Over the years, Outlook has enjoyed enviable loyalty amongst its long-time users. Now, more than two decades since the product was first launched, Outlook is almost synonymous with business email. So much so that people have come to expect a laptop loaded with Outlook when they start a new job. But what if you are a new business owner looking to get professional email for yourself and your staff?
In evaluating Outlook, you’ll notice there are a plethora of options. You can access a free version of the service via Outlook.live.com or choose from one of the several plans available for its suite of productivity services, known as Office 365.
All of this can get a little confusing, especially if you’re just in the market for email for your small business. Let’s take a closer look.
Outlook.live.com is Microsoft’s free personal email service, which includes webmail, contacts, tasks, and Outlook calendar. In 1997 Microsoft acquired Hotmail, one of the world’s first webmail services, for $400 million. In 2013, Microsoft migrated hundreds of thousands of Hotmail users over to its Outlook.com service, giving the platform over 400 million users. It continues to be a popular choice for free email because of the features it offers, and especially because Outlook does not scan users’ emails to serve ads.
For a long time, Outlook has also remained the preferred choice for business email. But if you want to use Outlook with your business’s domain, you’ll need to buy an Office 365 license.
In addition to a custom domain, an Office 365 license will give you access to the Outlook desktop client, Word, Excel, PowerPoint, and other productivity tools, depending on the level of license you purchase. The Outlook client features a host of tools for document creation and collaboration, task assignments, calendaring, journaling, managing contacts, and note-taking. It also uses Microsoft Exchange Server and SharePoint Server to connect team members and sync shared calendars, public folders, meeting schedules, and mailboxes. Furthermore, Office 365 includes access to the mobile app, so you can use Outlook on the go.
The cheapest Office 365 plan will set you back $60 a year for a single user. If you’re just looking to use your business domain and the Outlook desktop client, that means you’ll be paying for apps and tools that you probably don’t want. And the price tag will only go up as you add people to your team.
The fact that you can only access a business-class version of Outlook by paying for Office 365 speaks to a bigger problem for small businesses in the market for email. It’s a broken market, forcing small business owners to consider professional email as a luxury, instead of the necessity it really is.
Using email with an outlook.com address to communicate with your customers can crush your credibility. According to GoDaddy, customers are nine times more likely to do business with a company that uses a business email address than one that doesn’t. 75% also believe that having a professional email address that matches a business’s website is a key trust indicator.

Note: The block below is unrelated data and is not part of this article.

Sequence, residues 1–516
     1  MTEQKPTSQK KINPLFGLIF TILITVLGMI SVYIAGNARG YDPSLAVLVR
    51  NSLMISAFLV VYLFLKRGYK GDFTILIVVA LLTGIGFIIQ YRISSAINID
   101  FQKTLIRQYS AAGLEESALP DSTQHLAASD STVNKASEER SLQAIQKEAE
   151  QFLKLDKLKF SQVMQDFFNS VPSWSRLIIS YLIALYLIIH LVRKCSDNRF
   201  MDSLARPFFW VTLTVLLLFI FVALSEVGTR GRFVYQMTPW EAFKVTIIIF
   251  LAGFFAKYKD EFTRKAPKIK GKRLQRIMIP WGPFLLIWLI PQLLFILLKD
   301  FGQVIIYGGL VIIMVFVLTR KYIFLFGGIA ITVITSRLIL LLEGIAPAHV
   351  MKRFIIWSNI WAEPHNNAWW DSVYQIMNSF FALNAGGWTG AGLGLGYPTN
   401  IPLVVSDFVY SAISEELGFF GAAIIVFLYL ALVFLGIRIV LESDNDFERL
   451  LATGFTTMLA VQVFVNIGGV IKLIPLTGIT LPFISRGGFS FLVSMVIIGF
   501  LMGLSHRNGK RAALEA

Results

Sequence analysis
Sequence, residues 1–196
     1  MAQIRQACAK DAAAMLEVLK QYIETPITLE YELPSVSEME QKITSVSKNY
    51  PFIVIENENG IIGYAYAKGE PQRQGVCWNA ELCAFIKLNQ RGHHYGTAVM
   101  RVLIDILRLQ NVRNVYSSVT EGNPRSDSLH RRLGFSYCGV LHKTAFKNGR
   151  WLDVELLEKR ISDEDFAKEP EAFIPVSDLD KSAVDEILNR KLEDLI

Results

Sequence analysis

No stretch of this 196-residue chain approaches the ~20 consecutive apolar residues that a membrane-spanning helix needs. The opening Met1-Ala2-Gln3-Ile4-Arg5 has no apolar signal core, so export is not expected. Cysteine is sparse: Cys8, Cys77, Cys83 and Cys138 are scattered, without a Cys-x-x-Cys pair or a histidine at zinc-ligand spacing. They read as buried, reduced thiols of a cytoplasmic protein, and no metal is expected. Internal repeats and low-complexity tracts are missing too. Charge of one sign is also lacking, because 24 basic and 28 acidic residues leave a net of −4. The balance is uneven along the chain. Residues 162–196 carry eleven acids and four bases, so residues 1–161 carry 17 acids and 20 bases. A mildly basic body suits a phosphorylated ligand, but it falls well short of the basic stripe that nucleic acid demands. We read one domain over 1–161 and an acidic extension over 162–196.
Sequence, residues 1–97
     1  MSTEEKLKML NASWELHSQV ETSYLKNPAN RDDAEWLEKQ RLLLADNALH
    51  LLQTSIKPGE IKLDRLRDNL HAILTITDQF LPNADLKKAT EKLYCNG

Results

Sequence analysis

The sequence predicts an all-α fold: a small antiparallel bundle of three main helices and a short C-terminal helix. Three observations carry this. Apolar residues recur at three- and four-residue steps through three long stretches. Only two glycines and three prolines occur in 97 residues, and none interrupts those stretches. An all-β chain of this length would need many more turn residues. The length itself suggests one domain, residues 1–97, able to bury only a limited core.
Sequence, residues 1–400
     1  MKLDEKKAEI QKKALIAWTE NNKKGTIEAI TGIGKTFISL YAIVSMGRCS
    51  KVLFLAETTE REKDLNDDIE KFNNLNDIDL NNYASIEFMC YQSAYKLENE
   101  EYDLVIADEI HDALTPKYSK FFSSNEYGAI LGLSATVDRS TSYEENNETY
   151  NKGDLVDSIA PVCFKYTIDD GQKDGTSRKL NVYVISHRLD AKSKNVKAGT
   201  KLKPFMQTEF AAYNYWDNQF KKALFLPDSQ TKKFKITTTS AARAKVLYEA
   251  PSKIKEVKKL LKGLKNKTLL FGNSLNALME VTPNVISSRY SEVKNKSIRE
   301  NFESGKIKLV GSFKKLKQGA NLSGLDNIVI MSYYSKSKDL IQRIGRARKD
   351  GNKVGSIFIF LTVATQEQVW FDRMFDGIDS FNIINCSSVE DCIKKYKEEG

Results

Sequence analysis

So, what exactly do you get with Outlook and Office 365, and how do you choose the right one for your small business?
Just as Gmail has become synonymous with personal email, Outlook has become synonymous with business. But Microsoft offers a free version of Outlook via outlook.live.com. By creating an account, you’ll get an email address at outlook.com and access to your inbox through webmail.
Here’s what you can do with Outlook:
There are, however, some limitations to consider when using a free outlook.com account:
If you want to use Outlook at your business domain, you’ll need to purchase an Office 365 plan. Ranging from $5 to $20 a month, the plans vary widely in terms of cost and features. Microsoft offers ‘Personal’ and ‘Home’ Office 365 plans for a single user or for a family, based on monthly or yearly payments. For the Office 365 ‘Business’ plans, Microsoft charges per user.
Here’s a breakdown of what you get with each Office 365 Business plan:
$5/month or $60/year
$8.25/month or $99/year
Although this plan is more expensive than the lowest-tier offered by Microsoft, it lacks some key features. Most notably, you do not get business email, and therefore it does not come with the 50 GB mailbox and shareable calendar features. You also do not get the capabilities to host online meetings and video calls. Here are the main features of the Business Apps plan:
$12.50/month or $150/year
$20/month or $240/year
Between the pitfalls of getting stuck with an @outlookcom address and having to pay a hefty price for Office 365, Microsoft isn’t really giving users a straight business email option.
If you think it’s unfair that you can’t just buy a business email account from Microsoft without having to pay for a whole suite of tools, you’re not alone. That’s why we built Titan –– the world’s first email designed specifically to address the communication and productivity needs of small businesses. Not only is it economical, but it’s packed with the features business users really need.
Here’s what you get with Titan:
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